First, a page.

The first prototype implementation of the Java Virtual Machine, done at Sun Microsystems, Inc., emulated the Java Virtual Machine instruction set in software hosted by a handheld device that resembled a contemporary Personal Digital Assistant (PDA). Oracle's current implementations emulate the Java Virtual Machine on mobile, desktop and server devices, but the Java Virtual Machine does not assume any particular implementation technology, host hardware, or host operating system. It is not inherently interpreted, but can just as well be implemented by compiling its instruction set to that of a silicon CPU. It may also be implemented in microcode or directly in silicon.
The Java Virtual Machine knows nothing of the
Java programming language, only of a particular binary format, the
class file contains Java Virtual Machine instructions
(or bytecodes) and a symbol table, as well as
other ancillary information.
For the sake of security, the
Java Virtual Machine imposes strong syntactic and structural constraints on the code
class file. However, any language with functionality that can
be expressed in terms of a valid
class file can be hosted by the
Java Virtual Machine. Attracted by a generally available, machine-independent
platform, implementors of other languages can turn to the Java Virtual Machine as a
delivery vehicle for their languages.
The Java Virtual Machine specified here is compatible with the Java SE 9 platform, and supports the Java programming language specified in The Java Language Specification, Java SE 9 Edition.
In the Second Edition of The Java® Virtual Machine Specification, Chapter 2 gave an overview of the Java programming language that was intended to support the specification of the Java Virtual Machine but was not itself a part of the specification. In The Java Virtual Machine Specification, Java SE 9 Edition, the reader is referred to The Java Language Specification, Java SE 9 Edition for information about the Java programming language. References of the form: (JLS §x.y) indicate where this is necessary.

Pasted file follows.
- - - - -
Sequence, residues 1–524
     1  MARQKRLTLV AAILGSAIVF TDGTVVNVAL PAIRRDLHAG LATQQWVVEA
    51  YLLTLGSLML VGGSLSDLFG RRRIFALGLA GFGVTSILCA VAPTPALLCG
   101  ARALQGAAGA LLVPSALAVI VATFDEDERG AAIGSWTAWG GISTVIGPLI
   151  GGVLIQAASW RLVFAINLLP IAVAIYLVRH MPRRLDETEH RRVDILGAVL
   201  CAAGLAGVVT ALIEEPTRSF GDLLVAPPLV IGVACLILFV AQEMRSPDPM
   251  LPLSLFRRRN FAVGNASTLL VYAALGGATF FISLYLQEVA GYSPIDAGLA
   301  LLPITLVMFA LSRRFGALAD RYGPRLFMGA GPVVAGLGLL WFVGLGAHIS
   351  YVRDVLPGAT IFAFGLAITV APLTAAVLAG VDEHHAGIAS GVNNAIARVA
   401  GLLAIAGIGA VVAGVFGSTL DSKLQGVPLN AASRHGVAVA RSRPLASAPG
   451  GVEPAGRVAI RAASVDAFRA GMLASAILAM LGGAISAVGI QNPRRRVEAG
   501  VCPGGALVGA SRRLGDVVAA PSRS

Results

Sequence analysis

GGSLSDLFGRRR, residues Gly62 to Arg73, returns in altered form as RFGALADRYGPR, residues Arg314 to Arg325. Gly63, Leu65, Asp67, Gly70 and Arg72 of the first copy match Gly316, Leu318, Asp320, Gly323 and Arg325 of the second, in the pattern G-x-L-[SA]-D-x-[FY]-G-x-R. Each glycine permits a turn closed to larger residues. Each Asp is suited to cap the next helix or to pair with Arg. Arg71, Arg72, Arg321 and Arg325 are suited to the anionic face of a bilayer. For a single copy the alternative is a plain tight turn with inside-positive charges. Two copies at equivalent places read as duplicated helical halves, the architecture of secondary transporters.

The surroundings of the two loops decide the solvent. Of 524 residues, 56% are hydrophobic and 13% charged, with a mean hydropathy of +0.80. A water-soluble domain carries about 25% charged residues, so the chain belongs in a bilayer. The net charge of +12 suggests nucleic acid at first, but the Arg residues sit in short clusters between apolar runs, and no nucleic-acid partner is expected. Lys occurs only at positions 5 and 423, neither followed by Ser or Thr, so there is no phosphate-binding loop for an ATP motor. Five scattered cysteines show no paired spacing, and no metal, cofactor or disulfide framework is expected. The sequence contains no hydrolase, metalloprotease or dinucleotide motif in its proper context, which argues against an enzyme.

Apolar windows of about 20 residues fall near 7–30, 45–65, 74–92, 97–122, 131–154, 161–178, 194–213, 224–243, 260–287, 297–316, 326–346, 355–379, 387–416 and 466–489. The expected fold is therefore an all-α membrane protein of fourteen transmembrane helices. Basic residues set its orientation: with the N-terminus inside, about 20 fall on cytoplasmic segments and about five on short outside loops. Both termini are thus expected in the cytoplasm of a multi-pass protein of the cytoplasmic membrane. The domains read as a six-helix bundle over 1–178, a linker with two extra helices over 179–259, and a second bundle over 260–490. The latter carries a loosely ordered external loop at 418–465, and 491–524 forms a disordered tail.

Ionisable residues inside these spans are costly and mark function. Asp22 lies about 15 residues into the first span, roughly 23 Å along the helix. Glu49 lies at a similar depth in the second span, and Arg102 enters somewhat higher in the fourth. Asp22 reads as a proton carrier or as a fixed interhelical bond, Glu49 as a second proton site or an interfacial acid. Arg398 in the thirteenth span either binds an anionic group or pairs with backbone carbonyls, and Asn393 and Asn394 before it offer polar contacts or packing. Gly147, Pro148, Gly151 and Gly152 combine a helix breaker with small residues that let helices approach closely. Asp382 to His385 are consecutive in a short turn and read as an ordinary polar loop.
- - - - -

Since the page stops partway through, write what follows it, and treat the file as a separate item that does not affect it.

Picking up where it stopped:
In the Second Edition of The Java® Virtual Machine Specification, Chapter 8 detailed the low-level actions that explained the interaction of Java Virtual Machine threads with a shared main memory. In The Java Virtual Machine Specification, Java SE 9 Edition, the reader is referred to Chapter 17 of The Java Language Specification, Java SE 9 Edition for information about threads and locks. Chapter 17 reflects The Java Memory Model and Thread Specification produced by the JSR 133 Expert Group.
Throughout this specification
we refer to classes and interfaces drawn from the Java SE Platform
API. Whenever we refer to a class or interface (other than those
declared in an example) using a single
identifier N, the intended reference is to the
class or interface named N in the package
java.lang. We use the fully qualified name for classes or interfaces
from packages other than
Whenever we refer to a class
or interface that is declared in the package
or any of its subpackages, the intended reference is to that class or
interface as loaded by the bootstrap class loader
Italic is used for Java Virtual Machine "assembly language", its opcodes and operands, as well as items in the Java Virtual Machine's run-time data areas. It is also used to introduce new terms and simply for emphasis.
This is non-normative information. It provides intuition, rationale, advice, examples, etc.